President Abdel Fattah al-Sisi has voiced disappointment with the House of Representatives' vote against the controversial Civil Service law which sparked massive protests by government employees in the latter months of 2015.
“The parliament has turned down one of the reform laws at a time when everybody is required to make more progress,” Sisi said in a speech at the Police academy marking the national Police Day celebrations.
“A law designed for reform was submitted and subsequently disapproved by the MPs, fine, but bear in mind that you, at the same time, are demanding that I make reforms and progress, and the price of that is not an easy matter. Before we say a word, we have to think well,” the president said, referring to the law.
“Egypt has nearly seven million (government) employees, we probably need only one million,” the president told attendants, dismissing beliefs by the law’s opponents that it would cause reductions to employee salaries. “What would happen then if I ask you for more concessions?” he wondered.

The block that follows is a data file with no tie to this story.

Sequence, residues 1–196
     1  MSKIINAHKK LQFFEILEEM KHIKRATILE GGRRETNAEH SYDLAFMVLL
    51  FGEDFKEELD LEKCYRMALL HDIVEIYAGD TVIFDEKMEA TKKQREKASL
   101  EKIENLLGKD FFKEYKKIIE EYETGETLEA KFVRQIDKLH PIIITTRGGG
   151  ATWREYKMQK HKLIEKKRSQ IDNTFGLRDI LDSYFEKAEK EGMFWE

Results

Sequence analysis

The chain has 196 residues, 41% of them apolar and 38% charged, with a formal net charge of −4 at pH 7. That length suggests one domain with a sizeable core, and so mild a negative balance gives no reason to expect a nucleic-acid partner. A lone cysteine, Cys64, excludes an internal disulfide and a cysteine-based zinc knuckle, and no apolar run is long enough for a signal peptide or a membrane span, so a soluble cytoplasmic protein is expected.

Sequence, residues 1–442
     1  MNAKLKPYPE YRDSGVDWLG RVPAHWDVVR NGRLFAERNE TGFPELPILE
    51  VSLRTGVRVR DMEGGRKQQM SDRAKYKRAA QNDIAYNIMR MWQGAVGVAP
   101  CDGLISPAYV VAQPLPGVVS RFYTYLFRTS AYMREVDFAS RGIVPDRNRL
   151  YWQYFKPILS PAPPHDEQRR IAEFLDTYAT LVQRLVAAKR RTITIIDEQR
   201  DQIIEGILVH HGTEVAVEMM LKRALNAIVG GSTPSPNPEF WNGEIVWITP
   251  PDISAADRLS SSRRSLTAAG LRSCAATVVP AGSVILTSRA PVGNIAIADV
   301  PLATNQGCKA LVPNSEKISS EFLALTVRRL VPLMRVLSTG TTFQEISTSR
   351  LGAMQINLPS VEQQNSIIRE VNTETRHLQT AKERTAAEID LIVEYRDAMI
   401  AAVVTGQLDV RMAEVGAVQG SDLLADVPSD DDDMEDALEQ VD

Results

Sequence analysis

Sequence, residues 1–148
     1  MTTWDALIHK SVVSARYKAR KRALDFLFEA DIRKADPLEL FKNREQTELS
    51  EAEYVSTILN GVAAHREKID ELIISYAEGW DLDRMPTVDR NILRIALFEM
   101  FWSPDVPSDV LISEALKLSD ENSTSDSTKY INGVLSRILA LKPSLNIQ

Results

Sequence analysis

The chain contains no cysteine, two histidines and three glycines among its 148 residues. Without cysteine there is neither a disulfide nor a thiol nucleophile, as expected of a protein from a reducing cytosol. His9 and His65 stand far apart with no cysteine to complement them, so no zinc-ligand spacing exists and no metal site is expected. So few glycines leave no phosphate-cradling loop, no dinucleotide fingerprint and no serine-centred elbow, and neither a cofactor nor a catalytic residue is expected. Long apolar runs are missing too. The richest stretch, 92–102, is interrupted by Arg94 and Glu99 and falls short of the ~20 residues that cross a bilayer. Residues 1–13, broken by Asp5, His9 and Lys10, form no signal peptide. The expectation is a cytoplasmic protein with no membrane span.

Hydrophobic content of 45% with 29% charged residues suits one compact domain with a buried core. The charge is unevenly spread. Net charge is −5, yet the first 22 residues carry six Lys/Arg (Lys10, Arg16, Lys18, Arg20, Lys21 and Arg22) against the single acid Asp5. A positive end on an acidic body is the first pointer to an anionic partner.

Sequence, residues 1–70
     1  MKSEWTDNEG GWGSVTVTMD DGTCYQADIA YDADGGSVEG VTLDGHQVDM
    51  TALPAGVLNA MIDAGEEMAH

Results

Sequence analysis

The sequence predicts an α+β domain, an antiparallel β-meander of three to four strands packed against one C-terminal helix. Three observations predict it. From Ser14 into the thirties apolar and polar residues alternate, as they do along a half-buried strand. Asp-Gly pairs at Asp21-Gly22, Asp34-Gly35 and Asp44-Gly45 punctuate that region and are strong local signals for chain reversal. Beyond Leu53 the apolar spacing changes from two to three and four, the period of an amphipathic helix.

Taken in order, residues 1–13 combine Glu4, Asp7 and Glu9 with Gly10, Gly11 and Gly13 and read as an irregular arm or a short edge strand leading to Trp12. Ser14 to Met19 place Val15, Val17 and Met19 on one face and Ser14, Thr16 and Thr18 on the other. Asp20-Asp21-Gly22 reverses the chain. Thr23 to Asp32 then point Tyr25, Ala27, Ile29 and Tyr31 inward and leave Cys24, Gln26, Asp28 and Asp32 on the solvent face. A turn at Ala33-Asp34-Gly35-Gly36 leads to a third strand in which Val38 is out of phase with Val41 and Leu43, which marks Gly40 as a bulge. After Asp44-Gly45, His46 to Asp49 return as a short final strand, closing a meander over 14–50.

The law regulates the appointment criteria, vocational degrees, salaries, pensions and promotions for civil workers at government agencies. It had drawn criticism from labor rights' activists and several trade unions that lobbied against the document. The government, meanwhile, said the law would allow for remarkable improvement in the state’s administrative bodies.
Planning Minister Ashraf Al-Araby said in press statements last week that rejecting the law in Parliament would hamper the second and third tranche of a US$3 billion loan to Egypt by the World Bank and the African Development Bank. He said rejecting the law would represent "a backtracking on previously agreed reforms" and a "negative message to world organizations."
Edited translation from Al-Masry Al-Youm